In a sit-down with general partner Mike Volpi of Index Ventures late last week, Volpi shared how 18-year-old Index approaches venture marketing — and why it worries about competing with its founders for attention.
Volpi – long a top Cisco executive before joining Index – also explained why he’s confident that investors, who largely shifted their focus to enterprise deals in 2013, will keep it there this year. Our conversation has been lightly edited for length.
You’ve been investing more in enterprise deals as a percentage of your overall fund than you have historically. Why?
In part because we opened this U.S. office, and there’s more [related dealflow] in the U.S, and I think that’s an effect of more entrepreneurs getting into the space.
Getting into the space from where, the consumer side of things?
At the margin, there is some switching going on, like David Sacks, who [created] an enterprise company like Yammer. Or you might look at Dropbox [Index led its $250 million Series B round], which really started as a consumer company but is seeing bigger portions of its business in the enterprise. So you see a crossover effect.
You’re also seeing people who’ve been on the sidelines in recent years getting back in the game. We have an investment in Pure Storage, and if you look at that team, it’s a lot of the folks who were at [the data storage company] Veritas [acquired by security software giant Symantec for $13.5 billion in 2004]. There are people who’ve been going to work every day at these larger corporations, but now they’re coming out of them and restarting things.
How steep is the learning curve for those crossing over from consumer startups?
There is a learning curve. Like it or not, enterprises require sales, whereas with consumers, you can find a great service and, through virality, consumers discover it. So the business processes of selling — find the lead, nurture the lead, educate the customer on the value proposition of what you do, then close them – that along with the tools required and the people you hire are different. When Dropbox decided to launch its “Dropbox For Business” products, it had to learn about things like compliance and corporate directories, which aren’t natural vocabulary words for consumer entrepreneurs.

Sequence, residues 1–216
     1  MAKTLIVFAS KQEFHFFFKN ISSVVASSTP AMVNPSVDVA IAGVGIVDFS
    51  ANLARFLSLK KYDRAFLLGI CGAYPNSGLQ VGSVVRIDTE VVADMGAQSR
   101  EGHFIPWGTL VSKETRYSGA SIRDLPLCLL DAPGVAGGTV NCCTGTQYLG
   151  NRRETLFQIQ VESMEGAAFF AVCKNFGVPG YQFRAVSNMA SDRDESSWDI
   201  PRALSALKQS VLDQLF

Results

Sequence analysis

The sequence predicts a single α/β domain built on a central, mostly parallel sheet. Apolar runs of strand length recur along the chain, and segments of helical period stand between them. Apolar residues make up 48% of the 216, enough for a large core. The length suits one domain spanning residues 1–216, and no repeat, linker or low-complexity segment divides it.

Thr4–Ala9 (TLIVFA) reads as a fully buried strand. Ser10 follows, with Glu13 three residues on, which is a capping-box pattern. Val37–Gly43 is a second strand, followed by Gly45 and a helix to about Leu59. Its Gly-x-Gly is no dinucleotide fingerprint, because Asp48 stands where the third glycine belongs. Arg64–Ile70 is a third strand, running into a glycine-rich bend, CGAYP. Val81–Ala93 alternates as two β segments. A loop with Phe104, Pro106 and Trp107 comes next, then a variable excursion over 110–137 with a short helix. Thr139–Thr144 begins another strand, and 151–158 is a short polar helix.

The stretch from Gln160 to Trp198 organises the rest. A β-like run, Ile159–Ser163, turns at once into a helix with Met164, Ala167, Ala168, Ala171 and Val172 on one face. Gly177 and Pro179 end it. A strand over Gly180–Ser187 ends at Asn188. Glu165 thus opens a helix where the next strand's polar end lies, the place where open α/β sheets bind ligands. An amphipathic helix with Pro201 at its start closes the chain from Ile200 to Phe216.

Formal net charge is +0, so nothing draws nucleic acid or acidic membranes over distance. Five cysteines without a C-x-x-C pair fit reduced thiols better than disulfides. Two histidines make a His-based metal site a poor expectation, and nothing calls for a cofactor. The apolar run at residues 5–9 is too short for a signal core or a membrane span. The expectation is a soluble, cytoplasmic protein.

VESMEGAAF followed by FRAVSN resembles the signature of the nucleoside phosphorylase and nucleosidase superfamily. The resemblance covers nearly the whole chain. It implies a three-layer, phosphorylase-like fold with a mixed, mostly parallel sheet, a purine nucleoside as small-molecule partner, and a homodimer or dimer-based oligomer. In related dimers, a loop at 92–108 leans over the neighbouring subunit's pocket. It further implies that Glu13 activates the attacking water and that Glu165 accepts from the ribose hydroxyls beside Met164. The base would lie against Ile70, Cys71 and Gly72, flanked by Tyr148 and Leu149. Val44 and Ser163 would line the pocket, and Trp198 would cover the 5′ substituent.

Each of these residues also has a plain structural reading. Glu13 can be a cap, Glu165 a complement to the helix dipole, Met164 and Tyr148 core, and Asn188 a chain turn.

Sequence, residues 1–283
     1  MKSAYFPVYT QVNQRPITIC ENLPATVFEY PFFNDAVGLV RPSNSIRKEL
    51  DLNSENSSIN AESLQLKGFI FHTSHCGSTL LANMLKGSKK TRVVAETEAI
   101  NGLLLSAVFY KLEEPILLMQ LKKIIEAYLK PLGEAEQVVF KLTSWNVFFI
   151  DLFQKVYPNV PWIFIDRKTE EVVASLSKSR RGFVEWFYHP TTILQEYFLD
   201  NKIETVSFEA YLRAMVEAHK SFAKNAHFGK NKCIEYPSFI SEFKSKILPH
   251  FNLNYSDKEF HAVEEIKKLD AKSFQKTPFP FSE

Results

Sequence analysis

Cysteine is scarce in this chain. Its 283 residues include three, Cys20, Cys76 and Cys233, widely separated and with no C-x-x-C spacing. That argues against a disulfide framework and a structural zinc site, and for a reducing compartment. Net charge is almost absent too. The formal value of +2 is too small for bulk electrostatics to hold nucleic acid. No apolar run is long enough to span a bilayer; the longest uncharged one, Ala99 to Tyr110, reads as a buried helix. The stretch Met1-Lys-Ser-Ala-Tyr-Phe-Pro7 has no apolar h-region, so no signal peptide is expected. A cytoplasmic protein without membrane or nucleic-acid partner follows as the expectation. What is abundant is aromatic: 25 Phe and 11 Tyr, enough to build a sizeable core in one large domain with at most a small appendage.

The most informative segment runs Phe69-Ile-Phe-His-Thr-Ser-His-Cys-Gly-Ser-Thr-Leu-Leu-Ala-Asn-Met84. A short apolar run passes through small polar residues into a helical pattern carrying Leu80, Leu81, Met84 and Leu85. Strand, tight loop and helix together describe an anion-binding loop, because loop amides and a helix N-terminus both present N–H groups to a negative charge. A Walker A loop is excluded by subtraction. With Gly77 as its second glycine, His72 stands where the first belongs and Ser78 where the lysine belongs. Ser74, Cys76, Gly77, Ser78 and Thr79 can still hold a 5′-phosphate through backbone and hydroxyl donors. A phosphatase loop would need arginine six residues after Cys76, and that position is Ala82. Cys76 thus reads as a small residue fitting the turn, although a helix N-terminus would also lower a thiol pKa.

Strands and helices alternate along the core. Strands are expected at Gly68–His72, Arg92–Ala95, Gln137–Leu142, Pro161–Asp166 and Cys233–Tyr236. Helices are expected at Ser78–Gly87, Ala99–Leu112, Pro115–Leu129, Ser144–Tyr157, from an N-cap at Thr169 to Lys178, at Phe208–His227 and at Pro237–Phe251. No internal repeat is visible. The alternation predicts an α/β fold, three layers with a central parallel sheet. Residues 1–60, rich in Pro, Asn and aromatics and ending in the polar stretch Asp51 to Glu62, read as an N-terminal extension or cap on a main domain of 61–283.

You say three trends will make 2014 another big year for enterprise. What are they?
First, enterprise budgets tend to be economic-cycle driven; when the economy is doing well [as now], they’re spending money.
A much newer theme is that the pocket of money that startups went after is distributed now, which is a really good thing. Historically, the one customer in the enterprise was the CIO, and he or she was a technical user who decided, “I’m going to use Microsoft for this, and Oracle for that and Cisco for this.” Now, because you don’t need to buy the hardware anymore – you can go to Saleforce or Workday or Zuora – the decision-maker for that technology is no longer the CIO. It’s the VP of sales, it’s the CMO, it’s the CFO; it’s 10 different people at the company. Imagine that you’re the head of public relations at Twitter and want to do sentiment analysis. You don’t call the CIO. You look up “sentiment analysis technology” on Google. Something comes up and you call the sale rep of the company and they say, “Just send us your link and we’ll have some analyses for you.” Well, you just spent money on technology. You’re an enterprise customer.
Last, enterprises have consumer envy. Consumers have cool devices. They have Evernote, with beautiful graphics. Meanwhile, [the enterprise folks] are sitting there looking at [Microsoft] SharePoint or Word. They want some of that cool stuff – including more storage and networking stuff and cooler middleware — so that’s where the money is being, and will continue to be, spent.
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